The National Highway Traffic Safety Administration (NHTSA) recently released data showing that from 2001-2005, an average of 36 fatalities occurred per day on America’s roadways as a result of crashes involving an alcohol-impaired driver. It’s this kind of statistic that has spurred all 50 states and the District of Columbia to pass laws making it illegal to drive with a blood alcohol content of .08 or higher.
Although you may not be a fatality if you drive while under the influence, don’t think that means you’re home free. If you’re ticketed for a DUI, you’ll face a financial toll that you probably never considered. The following list is an example of some of the expenses you can expect:
- Bail – It can cost anywhere from $250 to $2500 for a first time DUI offender to be released from jail after an arrest depending on the jurisdiction.
- Towing – When you’re arrested, your car is automatically towed. The cost starts at $100. In Chicago, for example, the typical charge is $1,200 for the first 24 hours and $50 for each additional day of storage. If you can’t afford to get your car after 30 days, the city auctions it. Other cities are beginning to follow Chicago’s lead.
- Insurance premiums – If you are convicted, your insurance rates will increase substantially for the next three to five years. This could mean anywhere from two to four times more than you are currently paying. You could even face losing coverage all together. In that case, you would be forced to find a company specializing in higher risks that will insure you, or see whether your state has an assigned-risk pool for insurance. Either way, you’ll pay considerably more for coverage.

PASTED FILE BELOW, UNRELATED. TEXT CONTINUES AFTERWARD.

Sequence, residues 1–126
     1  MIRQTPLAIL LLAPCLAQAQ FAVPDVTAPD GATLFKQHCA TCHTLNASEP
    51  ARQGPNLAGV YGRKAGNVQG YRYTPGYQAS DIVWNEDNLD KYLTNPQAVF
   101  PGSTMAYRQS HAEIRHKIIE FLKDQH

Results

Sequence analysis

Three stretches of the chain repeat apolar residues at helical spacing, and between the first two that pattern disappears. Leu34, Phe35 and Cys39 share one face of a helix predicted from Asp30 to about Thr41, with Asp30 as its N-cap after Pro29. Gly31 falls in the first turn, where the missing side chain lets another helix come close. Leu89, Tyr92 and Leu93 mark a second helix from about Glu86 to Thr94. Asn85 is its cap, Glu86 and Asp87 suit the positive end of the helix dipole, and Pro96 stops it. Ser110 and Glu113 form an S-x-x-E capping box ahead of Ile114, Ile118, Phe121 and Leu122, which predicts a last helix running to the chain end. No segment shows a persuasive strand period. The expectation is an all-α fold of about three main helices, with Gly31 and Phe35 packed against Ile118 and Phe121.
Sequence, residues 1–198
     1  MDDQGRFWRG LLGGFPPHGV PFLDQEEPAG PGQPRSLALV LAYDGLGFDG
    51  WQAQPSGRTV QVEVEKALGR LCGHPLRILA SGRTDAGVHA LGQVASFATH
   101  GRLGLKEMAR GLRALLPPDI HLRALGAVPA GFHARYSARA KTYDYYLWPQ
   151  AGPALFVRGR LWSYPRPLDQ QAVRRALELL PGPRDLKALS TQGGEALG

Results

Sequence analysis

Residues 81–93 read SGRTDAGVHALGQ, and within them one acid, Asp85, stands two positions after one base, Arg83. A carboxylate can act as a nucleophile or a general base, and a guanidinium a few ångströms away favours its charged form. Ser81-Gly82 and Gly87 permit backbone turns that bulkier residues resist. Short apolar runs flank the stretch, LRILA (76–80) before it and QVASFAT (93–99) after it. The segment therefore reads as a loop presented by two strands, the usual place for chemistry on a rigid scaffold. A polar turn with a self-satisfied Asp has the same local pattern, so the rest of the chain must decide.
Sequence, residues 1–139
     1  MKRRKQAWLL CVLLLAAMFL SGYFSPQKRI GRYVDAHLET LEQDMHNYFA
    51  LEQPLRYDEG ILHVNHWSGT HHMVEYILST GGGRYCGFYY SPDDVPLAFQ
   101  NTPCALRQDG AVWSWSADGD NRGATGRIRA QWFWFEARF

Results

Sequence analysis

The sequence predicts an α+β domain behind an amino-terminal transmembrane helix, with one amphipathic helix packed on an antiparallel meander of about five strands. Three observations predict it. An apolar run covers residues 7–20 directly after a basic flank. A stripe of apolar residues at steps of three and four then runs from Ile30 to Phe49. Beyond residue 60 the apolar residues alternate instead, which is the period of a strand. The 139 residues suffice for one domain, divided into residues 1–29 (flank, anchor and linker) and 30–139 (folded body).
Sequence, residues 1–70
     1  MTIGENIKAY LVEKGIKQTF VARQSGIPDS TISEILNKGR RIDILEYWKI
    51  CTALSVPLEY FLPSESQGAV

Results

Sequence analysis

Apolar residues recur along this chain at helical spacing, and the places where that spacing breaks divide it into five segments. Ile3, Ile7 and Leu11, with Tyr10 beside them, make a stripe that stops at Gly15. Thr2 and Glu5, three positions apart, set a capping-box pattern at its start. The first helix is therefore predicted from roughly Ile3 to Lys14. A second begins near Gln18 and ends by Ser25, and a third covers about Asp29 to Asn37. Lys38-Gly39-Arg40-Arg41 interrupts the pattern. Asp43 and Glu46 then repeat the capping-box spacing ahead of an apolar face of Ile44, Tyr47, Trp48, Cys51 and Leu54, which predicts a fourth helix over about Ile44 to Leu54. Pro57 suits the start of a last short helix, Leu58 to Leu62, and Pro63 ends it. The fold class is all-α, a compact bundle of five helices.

- Legal fees – Expect anywhere from $2,500 to $25,000 depending on how much time an attorney has to invest in your case to defend you. In addition to what you pay your lawyer, you may also find yourself paying for an investigator to examine the arrest scene, and expert witnesses who can testify about the inaccuracy of field sobriety tests.
- Fines – The fines and court fees for breaking the law vary from state to state, However, you can expect to pay anywhere from $300 to $1200.
- Alcohol Evaluation – This is required of anyone sentenced by the court for drunk driving. The cost for these evaluations starts at about $100 depending on the jurisdiction.
Treatment/Education Program – A conviction means you will be required to undergo treatment or education in order to get your driver’s license re-issued. The extent of these programs differs greatly, and the costs can range from $300 to $2000.